Astrid was rescued through the RSPCA aged 6 months. She has lived the last 8 ½ years in suburbia and the country, having the use of a lovely outdoor run at the weekends.
Astrid’s owner noticed her having difficulties chewing her dry food, spitting it out after crunching the kibble in half. She had eaten the same premium food for 8 ½ years and the bag of food was new. Her ‘brother’ was eating the same food with no problem and she had had a dental in October last year.
Dr Julia examined Astrid and noted there were no obvious tooth issues or other anomalies in her mouth that would cause the strange eating behavior. Her weight was stable and temperature normal. A few days later Astrid had two days of vomiting dark brown liquid, almost blood.
So she was booked in for dental x-rays to check for any bone or root abscesses that are often not visible from the outside. Dr Julia noted in her history, that about five years earlier Astrid had a furball lodged in the exit of her stomach that caused vomiting. On the day she was booked in, Berwick Village Vet had a mobile Ultrasonographer booked in to see another patient. The consultant vet was able to do an ultrasound of Astrid’s abdomen, just to check if she did have a blockage again.
The ultrasound showed a thickened stomach wall and enlarged lymph nodes associated with the stomach. No other anomalies were found on the ultrasound. It was recommended that a biopsy of the stomach and lymph node was to be performed.
A few days later, Astrid returned to the clinic for an exploratory laparotomy (ex lap – investigation in the abdomen via surgical incision). After an incision was made into the abdomen, the stomach was located. Dr Julia immediately felt a hard, firm mass was located at the exit of the stomach. It was approximately 3x3x2cm and while not currently blocking the outflow of the stomach, it may do. Further investigation of other organs in the abdomen showed there were no other large masses. A biopsy of the mass was taken, as well as a biopsy of the lymph node associated with the stomach. Both samples were sent to the pathology lab for analysis. The biopsy sites were sutured closed and Astrid’s abdominal incision was closed. Nurse Libby took extreme care during Astrid’s surgery ensuring her temperature, heart rate and blood pressure remained in normal range. Astrid recovered well after the surgery and was up soon purring again.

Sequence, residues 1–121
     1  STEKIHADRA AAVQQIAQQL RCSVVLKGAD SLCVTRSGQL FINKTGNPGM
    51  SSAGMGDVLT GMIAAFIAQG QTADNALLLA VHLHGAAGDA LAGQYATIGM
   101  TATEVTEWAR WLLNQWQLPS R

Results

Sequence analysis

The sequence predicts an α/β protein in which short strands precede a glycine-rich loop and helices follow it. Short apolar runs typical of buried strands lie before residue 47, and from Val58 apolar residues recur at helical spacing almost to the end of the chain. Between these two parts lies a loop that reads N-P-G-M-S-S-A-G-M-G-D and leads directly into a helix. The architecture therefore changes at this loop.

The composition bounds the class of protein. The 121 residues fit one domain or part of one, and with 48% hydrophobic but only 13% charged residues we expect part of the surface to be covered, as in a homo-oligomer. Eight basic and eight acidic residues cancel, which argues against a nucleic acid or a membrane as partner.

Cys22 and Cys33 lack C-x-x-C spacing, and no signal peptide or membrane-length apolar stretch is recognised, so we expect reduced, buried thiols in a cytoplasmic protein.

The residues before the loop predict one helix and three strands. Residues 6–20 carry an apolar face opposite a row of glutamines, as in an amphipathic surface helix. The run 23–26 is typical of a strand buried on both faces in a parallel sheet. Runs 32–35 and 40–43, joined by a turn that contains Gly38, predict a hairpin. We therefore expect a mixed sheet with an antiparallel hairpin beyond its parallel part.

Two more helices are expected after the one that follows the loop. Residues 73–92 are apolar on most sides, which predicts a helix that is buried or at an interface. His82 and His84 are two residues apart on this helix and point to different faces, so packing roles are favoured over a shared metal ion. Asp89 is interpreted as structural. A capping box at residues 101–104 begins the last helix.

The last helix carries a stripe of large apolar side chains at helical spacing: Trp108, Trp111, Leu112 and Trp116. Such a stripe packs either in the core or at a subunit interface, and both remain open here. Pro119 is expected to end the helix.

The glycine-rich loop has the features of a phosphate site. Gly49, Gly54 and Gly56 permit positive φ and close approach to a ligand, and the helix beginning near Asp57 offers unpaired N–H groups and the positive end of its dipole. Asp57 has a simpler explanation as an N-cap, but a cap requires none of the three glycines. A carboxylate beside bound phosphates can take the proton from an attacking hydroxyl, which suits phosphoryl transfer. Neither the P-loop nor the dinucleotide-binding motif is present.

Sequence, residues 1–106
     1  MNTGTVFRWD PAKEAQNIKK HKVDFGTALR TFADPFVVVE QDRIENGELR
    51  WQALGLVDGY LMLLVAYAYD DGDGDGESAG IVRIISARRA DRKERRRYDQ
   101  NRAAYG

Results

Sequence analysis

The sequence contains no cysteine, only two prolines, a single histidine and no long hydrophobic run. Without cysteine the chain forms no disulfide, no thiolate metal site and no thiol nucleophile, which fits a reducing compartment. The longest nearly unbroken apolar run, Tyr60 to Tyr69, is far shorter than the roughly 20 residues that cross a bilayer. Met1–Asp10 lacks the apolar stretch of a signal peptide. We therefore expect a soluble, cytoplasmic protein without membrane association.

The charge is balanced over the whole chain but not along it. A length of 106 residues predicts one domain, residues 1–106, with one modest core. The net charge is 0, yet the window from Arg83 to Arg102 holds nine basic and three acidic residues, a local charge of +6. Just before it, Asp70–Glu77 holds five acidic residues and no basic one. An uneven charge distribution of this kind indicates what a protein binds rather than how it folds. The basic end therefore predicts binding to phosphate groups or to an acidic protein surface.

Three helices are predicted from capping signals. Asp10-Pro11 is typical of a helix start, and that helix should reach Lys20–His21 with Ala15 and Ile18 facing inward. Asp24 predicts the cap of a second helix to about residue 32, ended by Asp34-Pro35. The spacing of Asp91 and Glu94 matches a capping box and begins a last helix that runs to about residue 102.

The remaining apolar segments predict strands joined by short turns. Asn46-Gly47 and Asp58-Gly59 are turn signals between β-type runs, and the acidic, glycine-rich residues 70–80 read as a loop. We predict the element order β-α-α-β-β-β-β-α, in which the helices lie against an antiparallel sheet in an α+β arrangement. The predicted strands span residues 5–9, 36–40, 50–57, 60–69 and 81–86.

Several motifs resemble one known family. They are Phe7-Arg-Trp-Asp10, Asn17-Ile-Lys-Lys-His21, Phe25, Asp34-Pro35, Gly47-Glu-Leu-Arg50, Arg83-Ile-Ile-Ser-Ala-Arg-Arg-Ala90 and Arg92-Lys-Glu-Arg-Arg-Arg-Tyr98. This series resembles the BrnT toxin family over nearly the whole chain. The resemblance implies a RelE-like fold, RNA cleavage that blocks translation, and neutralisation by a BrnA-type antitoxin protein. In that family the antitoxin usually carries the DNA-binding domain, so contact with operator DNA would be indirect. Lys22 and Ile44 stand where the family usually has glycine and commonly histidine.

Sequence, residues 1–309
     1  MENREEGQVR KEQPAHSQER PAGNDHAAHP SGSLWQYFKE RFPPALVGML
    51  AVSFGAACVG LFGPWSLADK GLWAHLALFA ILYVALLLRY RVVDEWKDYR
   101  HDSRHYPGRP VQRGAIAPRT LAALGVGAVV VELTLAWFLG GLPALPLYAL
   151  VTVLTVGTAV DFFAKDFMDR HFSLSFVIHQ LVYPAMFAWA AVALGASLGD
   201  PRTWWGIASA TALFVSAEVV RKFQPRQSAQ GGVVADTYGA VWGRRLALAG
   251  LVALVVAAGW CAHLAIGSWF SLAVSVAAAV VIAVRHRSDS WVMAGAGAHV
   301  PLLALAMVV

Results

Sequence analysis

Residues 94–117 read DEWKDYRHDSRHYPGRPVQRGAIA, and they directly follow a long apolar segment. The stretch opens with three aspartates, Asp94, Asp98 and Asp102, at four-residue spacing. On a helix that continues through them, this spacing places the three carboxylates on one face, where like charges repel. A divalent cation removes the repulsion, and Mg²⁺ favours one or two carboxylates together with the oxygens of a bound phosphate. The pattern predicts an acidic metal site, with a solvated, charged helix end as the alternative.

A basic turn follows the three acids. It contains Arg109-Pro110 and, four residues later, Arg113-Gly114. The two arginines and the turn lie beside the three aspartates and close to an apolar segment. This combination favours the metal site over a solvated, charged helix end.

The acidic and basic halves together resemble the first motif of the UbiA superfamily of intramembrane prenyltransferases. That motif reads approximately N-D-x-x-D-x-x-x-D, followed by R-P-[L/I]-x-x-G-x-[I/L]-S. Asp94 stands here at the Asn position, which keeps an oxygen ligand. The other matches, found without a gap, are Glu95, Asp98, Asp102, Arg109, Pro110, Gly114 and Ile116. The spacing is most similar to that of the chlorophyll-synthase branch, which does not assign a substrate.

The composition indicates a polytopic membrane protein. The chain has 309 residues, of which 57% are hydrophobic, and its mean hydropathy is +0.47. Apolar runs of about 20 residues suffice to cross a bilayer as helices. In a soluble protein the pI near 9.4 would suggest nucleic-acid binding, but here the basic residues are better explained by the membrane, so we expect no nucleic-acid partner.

When the results of the biopsy came back from the pathologist, unfortunately it was not good news. Astrid had gastric lymphoma or, stomach cancer. While it does not appear to have spread to her lymph node, it cannot be ruled out. Lymphoma is one of the most common types of cancers found in cats. For Astrid, her lymphoma is agressive and her owner has received specialist advice that surgery or chemotherapy options would not extend her life by much. Survival time is less than four months.
She is currently recuperating at home from her surgery and is happy eating wet food and roast chicken galore. Astrid is still very smoochy and still purrs like a motor-boat.